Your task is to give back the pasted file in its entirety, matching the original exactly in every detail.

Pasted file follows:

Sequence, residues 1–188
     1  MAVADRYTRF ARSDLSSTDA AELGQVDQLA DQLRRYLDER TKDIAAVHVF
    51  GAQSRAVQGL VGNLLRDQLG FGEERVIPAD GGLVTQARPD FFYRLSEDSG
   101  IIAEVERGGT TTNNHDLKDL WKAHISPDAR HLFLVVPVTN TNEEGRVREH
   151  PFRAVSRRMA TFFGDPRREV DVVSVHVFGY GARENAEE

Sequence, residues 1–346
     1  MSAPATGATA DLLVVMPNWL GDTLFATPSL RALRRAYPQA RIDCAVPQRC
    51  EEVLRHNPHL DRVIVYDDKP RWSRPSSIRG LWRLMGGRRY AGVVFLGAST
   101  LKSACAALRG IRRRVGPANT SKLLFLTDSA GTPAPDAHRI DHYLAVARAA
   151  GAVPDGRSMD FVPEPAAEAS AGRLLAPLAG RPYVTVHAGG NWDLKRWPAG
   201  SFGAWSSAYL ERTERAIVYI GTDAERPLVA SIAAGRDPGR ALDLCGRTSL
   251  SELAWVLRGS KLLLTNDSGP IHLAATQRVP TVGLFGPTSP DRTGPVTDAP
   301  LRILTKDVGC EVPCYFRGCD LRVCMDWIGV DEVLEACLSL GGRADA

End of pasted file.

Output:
Sequence, residues 1–188
     1  MAVADRYTRF ARSDLSSTDA AELGQVDQLA DQLRRYLDER TKDIAAVHVF
    51  GAQSRAVQGL VGNLLRDQLG FGEERVIPAD GGLVTQARPD FFYRLSEDSG
   101  IIAEVERGGT TTNNHDLKDL WKAHISPDAR HLFLVVPVTN TNEEGRVREH
   151  PFRAVSRRMA TFFGDPRREV DVVSVHVFGY GARENAEE

Sequence, residues 1–346
     1  MSAPATGATA DLLVVMPNWL GDTLFATPSL RALRRAYPQA RIDCAVPQRC
    51  EEVLRHNPHL DRVIVYDDKP RWSRPSSIRG LWRLMGGRRY AGVVFLGAST
   101  LKSACAALRG IRRRVGPANT SKLLFLTDSA GTPAPDAHRI DHYLAVARAA
   151  GAVPDGRSMD FVPEPAAEAS AGRLLAPLAG RPYVTVHAGG NWDLKRWPAG
   201  SFGAWSSAYL ERTERAIVYI GTDAERPLVA SIAAGRDPGR ALDLCGRTSL
   251  SELAWVLRGS KLLLTNDSGP IHLAATQRVP TVGLFGPTSP DRTGPVTDAP
   301  LRILTKDVGC EVPCYFRGCD LRVCMDWIGV DEVLEACLSL GGRADA